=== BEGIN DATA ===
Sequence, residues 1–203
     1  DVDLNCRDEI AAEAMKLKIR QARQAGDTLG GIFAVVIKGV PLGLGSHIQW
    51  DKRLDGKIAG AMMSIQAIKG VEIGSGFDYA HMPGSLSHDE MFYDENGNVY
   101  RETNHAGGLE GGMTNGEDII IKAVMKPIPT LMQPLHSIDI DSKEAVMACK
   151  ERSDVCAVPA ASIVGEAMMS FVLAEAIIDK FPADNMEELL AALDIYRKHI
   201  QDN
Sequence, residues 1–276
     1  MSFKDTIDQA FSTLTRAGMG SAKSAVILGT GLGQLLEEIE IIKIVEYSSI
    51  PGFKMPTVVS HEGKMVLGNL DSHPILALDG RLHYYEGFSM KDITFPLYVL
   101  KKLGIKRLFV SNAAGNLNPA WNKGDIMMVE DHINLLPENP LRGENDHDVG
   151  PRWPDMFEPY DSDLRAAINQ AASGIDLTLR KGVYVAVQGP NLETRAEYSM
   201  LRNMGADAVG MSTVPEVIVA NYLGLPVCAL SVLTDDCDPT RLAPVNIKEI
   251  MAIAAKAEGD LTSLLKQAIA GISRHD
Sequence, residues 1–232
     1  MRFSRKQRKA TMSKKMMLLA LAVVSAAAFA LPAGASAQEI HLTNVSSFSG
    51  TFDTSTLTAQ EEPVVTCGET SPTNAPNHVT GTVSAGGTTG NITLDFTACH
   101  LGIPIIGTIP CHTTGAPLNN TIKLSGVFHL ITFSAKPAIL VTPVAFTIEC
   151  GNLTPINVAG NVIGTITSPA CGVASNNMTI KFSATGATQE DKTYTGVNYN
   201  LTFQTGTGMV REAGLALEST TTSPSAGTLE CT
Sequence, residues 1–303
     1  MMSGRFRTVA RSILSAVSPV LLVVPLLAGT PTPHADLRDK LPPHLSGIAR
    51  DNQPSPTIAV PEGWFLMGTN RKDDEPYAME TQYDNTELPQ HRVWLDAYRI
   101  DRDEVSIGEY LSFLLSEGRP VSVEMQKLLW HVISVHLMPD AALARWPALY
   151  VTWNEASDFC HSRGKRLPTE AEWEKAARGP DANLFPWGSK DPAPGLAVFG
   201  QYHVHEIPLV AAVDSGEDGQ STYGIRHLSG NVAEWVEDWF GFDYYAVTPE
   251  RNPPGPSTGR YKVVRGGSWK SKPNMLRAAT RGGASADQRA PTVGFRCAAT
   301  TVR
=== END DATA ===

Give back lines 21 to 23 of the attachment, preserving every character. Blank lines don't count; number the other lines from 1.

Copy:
     1  MMSGRFRTVA RSILSAVSPV LLVVPLLAGT PTPHADLRDK LPPHLSGIAR
    51  DNQPSPTIAV PEGWFLMGTN RKDDEPYAME TQYDNTELPQ HRVWLDAYRI
   101  DRDEVSIGEY LSFLLSEGRP VSVEMQKLLW HVISVHLMPD AALARWPALY